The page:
Pathophysiology

The pathophysiology of SAH is complex and involves both early brain injury (EBI) and later
delayed cerebral ischemia (DCI).

Hemorrhage into the subarachnoid space occurs under arterial pressure, resulting in massive, transient
elevation of the ICP. The compressing effects of the raised ICP and concomitant, transient acute
vasospasm of the ruptured and surrounding vessel(s) usually causes hemorrhage to cease, but may
precipitate early ischemic damage. Studies using diffusion-weighted MRI have documented that
many patients have infarction even within the first 48 to 72 hours. CBF autoregulation is often
impaired, further increasing the vulnerability of the brain to ischemia.

The presence of blood in the subarachnoid space triggers a cascade of biochemical processes. A relative
lack of cerebral nitric oxide (NO) is a factor in promoting transient vasoconstriction, platelet
aggregation, and inflammation. An excess of the potent vasoconstrictor endothelin-1 is another
important contributor to vascular narrowing. Vascular pathology may occur in both large and small
vessels, accompanied by damage to the basement membrane, disruption of the blood–brain barrier, and
endothelial dysfunction. Cortical spreading depression, where clusters of neuronal depolarization
produce an influx of calcium and sodium, results in fluctuations in regional CBF (both hyperemia and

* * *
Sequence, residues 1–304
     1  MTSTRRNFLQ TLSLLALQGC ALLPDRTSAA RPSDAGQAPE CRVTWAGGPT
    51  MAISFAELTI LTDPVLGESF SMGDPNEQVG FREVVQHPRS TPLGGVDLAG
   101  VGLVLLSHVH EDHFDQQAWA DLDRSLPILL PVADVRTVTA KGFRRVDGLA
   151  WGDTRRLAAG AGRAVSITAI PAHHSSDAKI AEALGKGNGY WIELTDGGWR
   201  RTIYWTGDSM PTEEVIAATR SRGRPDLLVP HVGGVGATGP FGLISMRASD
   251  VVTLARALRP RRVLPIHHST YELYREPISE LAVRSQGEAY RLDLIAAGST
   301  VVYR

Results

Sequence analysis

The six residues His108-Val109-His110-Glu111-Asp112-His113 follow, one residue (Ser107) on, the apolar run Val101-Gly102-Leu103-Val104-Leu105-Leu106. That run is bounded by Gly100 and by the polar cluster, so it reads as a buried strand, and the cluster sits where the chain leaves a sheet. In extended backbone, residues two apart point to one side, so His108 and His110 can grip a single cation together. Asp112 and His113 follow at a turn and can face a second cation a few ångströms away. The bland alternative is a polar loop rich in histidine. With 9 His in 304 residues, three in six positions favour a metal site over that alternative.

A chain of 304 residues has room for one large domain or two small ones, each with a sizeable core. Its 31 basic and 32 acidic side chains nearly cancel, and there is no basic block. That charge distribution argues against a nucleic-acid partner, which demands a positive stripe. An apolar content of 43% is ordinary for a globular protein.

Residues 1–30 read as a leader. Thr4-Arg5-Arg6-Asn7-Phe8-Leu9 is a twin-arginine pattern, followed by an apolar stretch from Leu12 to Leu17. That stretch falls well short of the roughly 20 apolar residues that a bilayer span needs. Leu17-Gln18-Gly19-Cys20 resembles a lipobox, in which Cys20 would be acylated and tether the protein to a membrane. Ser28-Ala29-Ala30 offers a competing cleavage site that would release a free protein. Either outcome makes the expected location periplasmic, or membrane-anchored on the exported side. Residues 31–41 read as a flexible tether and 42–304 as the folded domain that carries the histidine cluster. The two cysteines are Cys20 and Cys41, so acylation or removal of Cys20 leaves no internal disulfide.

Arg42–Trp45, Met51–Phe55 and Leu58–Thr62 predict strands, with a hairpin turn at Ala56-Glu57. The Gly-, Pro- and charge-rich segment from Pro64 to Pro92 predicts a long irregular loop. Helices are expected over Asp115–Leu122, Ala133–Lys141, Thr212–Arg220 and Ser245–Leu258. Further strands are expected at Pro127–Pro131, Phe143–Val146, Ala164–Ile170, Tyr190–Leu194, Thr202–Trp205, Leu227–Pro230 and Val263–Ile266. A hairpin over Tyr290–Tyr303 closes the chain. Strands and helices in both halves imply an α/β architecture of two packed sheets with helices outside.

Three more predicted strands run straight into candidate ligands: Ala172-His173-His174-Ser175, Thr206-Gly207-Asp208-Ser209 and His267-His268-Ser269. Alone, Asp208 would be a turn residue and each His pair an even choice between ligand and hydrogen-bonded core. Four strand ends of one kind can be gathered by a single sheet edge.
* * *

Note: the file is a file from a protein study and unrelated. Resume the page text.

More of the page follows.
ischemia) and brain oxygenation, with possible uncoupling of flow and metabolism. Persistent or
recurrent spreading depression may be a major factor associated with both early and delayed
cerebral ischemia.

Delayed arterial narrowing, or “vasospasm,” occurs in two-thirds of patients, beginning about 72
hours after SAH, and may last for as long as 2 to 3 weeks. The most important risk factors for the
development of vasospasm are the amount of blood in the basal cisterns and the initial level of con-
sciousness. The presence of vasospasm is a clear predictor of neurological deterioration, delayed
cerebral infarction, and worse outcomes. Some patients with radiographic evidence of severe vaso-
spasm do not become symptomatic. Conversely, some patients deteriorate neurologically despite no
more than mild radiographic vasospasm. Thus, the degree to which vasospasm is a direct cause of neu-
rological decline, rather than a co-existing process, has been questioned. The pathophysiology of DCI is
undoubtedly more complex than being attributable solely to vasospasm, and includes factors such as
cortical spreading depression, inflammation, and increased coagulation